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Sunday, October 12, 2003
Books

Into the secret world of Seven Sisters
Parbina Rashid

Land of Early Dawn - North East of India
by Romesh Bhattacharji. Rupa & Co. Pages 331.
Rs 395.

Land of Early Dawn - North East of IndiaAS students of Aligarh Muslim University, we, a group from North-East used to stick close to each other. Not to symbolise the unity of the 'Seven Sisters', but to avoid the awkward questions often hurled at us about people from the North-East. Their ignorance used to amuse us at first, but later we found it incredible that anyone could be so ignorant about a part of their own country?

Nothing much has changed since then and hence The Land of Early Dawn - North East India is sure to be welcomed by those of us living outside North East, trying to assimilate into different cultures, despite being constantly reminded of our slanting eyes or grammatically wrong, accented Hindi. It is obvious that the writer, who has had spent a good deal of time in Assam and Meghalaya, too has felt this apathy because he writes in the foreword: "----- similar examples of provincial bigotry caused me to write this book to explain the North East to people who have no idea of this lovely land and its people and yet are quick to disparage them." He has tried to capture the spirit of the people of the North-East, especially their simplicity.

 


One gets an interesting insight into the problem of insurgency in the North-East as Bhattarcharji quotes an extremist from Arunachal Pradesh as he talks to a Naga extremist: "We took home all the guns with ammunition. Accidentally, we found out the usefulness of the empty shells in making tobacco pipes. So we fired at every visible object just to empty the shell all the idle guns were returned to the officer who came to the village sometimes after the incident." This is what the author has to say about the laidback attitude of Assamese people: "Some blame the lahe lahe (laid back) attitude of these folks for the lack of bustle, but to me it appears to be a sign of peace."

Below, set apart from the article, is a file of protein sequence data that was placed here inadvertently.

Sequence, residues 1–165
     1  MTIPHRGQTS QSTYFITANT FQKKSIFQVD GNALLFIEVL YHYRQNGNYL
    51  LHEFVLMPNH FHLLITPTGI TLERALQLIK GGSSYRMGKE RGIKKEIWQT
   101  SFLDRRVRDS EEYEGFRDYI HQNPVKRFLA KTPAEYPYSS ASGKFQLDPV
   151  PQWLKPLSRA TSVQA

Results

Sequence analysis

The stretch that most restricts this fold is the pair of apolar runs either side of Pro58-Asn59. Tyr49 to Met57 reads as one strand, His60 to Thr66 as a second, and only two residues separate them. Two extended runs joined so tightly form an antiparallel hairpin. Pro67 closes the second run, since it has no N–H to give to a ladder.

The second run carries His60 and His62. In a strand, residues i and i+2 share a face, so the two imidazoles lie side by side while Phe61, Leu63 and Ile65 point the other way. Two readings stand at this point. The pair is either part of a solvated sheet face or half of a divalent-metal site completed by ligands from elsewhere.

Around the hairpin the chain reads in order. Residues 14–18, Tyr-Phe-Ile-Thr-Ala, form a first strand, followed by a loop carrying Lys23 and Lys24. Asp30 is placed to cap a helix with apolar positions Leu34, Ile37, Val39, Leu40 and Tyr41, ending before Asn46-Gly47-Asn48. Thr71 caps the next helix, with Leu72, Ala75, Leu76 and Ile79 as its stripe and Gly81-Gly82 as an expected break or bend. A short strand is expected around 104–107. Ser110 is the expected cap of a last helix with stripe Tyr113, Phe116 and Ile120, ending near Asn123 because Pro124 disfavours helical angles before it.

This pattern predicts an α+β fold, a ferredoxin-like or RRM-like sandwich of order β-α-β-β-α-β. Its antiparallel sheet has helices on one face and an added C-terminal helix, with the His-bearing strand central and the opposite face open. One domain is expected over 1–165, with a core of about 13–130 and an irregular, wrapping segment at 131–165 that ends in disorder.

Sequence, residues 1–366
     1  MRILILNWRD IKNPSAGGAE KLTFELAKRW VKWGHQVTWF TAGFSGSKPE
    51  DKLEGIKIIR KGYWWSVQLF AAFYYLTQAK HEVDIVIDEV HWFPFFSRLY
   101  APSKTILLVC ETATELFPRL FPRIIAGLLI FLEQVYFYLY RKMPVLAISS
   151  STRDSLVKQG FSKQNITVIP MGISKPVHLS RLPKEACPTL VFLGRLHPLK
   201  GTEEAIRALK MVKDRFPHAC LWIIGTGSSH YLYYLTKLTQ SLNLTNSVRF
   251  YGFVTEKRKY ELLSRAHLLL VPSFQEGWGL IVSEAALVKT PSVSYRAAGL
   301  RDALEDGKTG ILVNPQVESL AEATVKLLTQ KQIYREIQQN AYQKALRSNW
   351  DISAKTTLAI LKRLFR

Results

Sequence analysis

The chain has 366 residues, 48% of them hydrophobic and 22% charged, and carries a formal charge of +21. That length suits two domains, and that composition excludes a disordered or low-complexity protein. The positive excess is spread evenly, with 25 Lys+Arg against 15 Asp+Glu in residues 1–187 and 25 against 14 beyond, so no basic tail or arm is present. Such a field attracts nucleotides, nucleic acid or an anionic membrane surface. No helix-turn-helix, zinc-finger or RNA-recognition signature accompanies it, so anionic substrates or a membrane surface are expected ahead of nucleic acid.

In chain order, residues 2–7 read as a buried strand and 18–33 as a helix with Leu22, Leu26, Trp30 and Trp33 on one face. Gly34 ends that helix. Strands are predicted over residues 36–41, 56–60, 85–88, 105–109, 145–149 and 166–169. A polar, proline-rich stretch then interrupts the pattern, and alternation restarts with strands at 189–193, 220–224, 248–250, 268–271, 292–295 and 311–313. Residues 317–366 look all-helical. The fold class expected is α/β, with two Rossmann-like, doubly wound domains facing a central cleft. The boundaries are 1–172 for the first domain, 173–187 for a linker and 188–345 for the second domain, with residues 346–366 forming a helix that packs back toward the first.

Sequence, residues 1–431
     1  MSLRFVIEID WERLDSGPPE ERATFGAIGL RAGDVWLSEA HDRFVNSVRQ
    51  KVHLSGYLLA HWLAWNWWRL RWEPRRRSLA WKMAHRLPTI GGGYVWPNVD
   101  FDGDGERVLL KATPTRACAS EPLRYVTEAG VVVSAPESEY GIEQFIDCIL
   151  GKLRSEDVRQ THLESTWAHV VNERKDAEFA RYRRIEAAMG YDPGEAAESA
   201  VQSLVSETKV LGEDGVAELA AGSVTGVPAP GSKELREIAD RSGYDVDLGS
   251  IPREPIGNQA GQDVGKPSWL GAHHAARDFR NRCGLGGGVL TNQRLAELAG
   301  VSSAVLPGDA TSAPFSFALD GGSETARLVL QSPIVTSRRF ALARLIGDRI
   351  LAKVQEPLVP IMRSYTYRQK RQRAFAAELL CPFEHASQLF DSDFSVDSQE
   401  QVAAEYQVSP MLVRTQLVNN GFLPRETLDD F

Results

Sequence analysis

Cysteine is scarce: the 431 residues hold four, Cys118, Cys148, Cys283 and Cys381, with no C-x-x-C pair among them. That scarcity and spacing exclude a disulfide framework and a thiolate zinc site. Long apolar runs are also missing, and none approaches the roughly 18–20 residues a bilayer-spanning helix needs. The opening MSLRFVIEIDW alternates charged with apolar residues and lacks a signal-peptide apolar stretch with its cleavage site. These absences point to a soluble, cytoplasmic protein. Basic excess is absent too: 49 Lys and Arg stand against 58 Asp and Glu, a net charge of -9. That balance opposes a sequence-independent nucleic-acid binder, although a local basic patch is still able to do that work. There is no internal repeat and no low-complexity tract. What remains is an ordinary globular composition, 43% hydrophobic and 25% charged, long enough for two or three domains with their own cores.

The book gives a glimpse of all the big and small towns of the seven states, starting from Arunachal Pradesh then going through Assam, Meghalaya, Nagaland, Manipur, Mizoram and Tripura beautifully capturing the essence of this wild, beautiful part of the country. It also touches upon important issues liked degradation of the forest cover in the North-East. Moving on, the writer describes the monuments which are little-known outside the region.

Geographically speaking, the book is a storehouse of information as even the smallest of the small towns of the North-East gets a mention in it, complete with a description of its history and present status. This is what the author says about the ruins of Guwahati's Madan Kamdev: "Once leopards were seen here, now it is the lodestone for eloping couples. Two or three such runaway marriages are usually solemnised every month." The text is accompanied by informative charts, topographical maps and beautiful photographs.

But what the book lacks is continuity of context. As the author describes various places, he moves at a tremendous speed and in the process many a times the connecting thread which usually keeps the reader hooked, tends to become somewhat thin.